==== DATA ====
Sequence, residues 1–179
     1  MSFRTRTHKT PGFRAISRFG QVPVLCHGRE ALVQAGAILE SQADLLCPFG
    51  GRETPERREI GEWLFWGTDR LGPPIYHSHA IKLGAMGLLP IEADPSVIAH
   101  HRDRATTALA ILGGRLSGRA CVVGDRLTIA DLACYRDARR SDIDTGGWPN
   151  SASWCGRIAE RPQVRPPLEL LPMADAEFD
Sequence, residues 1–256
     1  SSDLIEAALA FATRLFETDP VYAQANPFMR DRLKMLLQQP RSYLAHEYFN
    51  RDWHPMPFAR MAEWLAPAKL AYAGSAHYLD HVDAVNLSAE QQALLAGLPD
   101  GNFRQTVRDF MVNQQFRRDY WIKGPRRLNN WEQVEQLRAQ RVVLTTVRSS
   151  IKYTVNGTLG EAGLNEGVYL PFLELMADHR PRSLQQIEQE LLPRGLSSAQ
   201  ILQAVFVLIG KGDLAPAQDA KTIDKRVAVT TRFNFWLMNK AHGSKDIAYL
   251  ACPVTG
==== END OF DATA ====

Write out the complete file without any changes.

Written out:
Sequence, residues 1–179
     1  MSFRTRTHKT PGFRAISRFG QVPVLCHGRE ALVQAGAILE SQADLLCPFG
    51  GRETPERREI GEWLFWGTDR LGPPIYHSHA IKLGAMGLLP IEADPSVIAH
   101  HRDRATTALA ILGGRLSGRA CVVGDRLTIA DLACYRDARR SDIDTGGWPN
   151  SASWCGRIAE RPQVRPPLEL LPMADAEFD
Sequence, residues 1–256
     1  SSDLIEAALA FATRLFETDP VYAQANPFMR DRLKMLLQQP RSYLAHEYFN
    51  RDWHPMPFAR MAEWLAPAKL AYAGSAHYLD HVDAVNLSAE QQALLAGLPD
   101  GNFRQTVRDF MVNQQFRRDY WIKGPRRLNN WEQVEQLRAQ RVVLTTVRSS
   151  IKYTVNGTLG EAGLNEGVYL PFLELMADHR PRSLQQIEQE LLPRGLSSAQ
   201  ILQAVFVLIG KGDLAPAQDA KTIDKRVAVT TRFNFWLMNK AHGSKDIAYL
   251  ACPVTG